Post-Crisis Growth and Integration in Europe
Show Less

Post-Crisis Growth and Integration in Europe

Catching-up Strategies in CESEE Economies

Edited by Ewald Nowotny, Peter Mooslechner and Doris Ritzberger-Grünwald

Against the backdrop of the financial crisis that unfolded in 2008, this book deals with policy challenges going forward, focusing in particular on the ongoing catching-up process in Central, Eastern and South-Eastern European countries.
Buy Book in Print
Show Summary Details
You do not have access to this content

Chapter 17: Policy Perspectives on Financial Integration After the Crisis

Ignazio Angeloni


Ignazio Angeloni1 Among the many consequences of the crisis on the European economy, on financial stability, growth and employment, sovereign debts and risks, and so on, less frequently emphasized is the impact it had – and continues to have, in spite of the time elapsed – on European financial integration. Financial integration is the degree to which the financial sector within a given geographical area is capable of functioning as a single entity, guaranteeing broadly uniform borrowing and lending conditions to its residents wherever located, after risk and other relevant characteristics are accounted for. After making steady progress for several years, financial integration in the euro area has deteriorated markedly since 2007. Financial integration is a necessary feature of a well-functioning currency area, hence this development is a worrisome signal that should not be underestimated. Most of the deterioration occurred in the money and the bond markets, the areas where progress towards integration used to be most visible in earlier years. These markets are central to the proper functioning and the transmission of monetary policy. Recent developments suggest that these losses will not easily be reverted; return to normality will be slow. The actions by central banks and other authorities to preserve the functionality of markets and to reform European financial regulation and supervision, though helpful also from the viewpoint of financial integration, are unlikely to be enough. As I shall argue, it is essential that national governments cooperate, refraining from actions that protect national markets or intermediaries while hampering cross-border integration....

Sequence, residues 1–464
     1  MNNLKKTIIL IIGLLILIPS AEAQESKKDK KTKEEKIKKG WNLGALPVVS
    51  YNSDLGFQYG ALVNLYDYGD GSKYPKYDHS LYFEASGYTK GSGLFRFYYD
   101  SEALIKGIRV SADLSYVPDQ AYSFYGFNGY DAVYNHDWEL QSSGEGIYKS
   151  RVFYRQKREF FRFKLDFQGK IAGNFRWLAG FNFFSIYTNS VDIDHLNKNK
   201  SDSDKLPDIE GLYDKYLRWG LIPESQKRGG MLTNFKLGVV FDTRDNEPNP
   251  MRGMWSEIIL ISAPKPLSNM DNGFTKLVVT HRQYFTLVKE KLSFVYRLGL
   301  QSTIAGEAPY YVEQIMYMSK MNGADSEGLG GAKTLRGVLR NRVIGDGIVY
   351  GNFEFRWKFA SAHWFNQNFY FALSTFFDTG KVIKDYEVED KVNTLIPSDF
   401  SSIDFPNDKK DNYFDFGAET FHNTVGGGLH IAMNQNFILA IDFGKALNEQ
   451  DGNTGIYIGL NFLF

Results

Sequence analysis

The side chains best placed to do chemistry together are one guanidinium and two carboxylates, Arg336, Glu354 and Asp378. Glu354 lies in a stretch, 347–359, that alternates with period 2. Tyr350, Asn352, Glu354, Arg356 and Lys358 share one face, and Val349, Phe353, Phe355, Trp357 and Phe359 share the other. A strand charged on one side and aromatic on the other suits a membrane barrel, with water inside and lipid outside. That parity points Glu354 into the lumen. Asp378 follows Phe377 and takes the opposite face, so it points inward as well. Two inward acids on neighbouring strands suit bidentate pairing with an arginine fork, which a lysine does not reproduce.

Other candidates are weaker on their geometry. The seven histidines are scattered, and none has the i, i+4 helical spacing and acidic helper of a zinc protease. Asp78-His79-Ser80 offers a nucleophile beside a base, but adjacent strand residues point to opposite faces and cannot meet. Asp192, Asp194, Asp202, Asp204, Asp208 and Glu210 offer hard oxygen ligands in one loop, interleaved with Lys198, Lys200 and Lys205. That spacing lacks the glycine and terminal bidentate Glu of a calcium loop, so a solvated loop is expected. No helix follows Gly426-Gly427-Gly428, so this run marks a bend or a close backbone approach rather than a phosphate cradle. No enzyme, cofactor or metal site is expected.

You are not authenticated to view the full text of this chapter or article.

Elgaronline requires a subscription or purchase to access the full text of books or journals. Please login through your library system or with your personal username and password on the homepage.

Non-subscribers can freely search the site, view abstracts/ extracts and download selected front matter and introductory chapters for personal use.

Your library may not have purchased all subject areas. If you are authenticated and think you should have access to this title, please contact your librarian.

Further information

or login to access all content.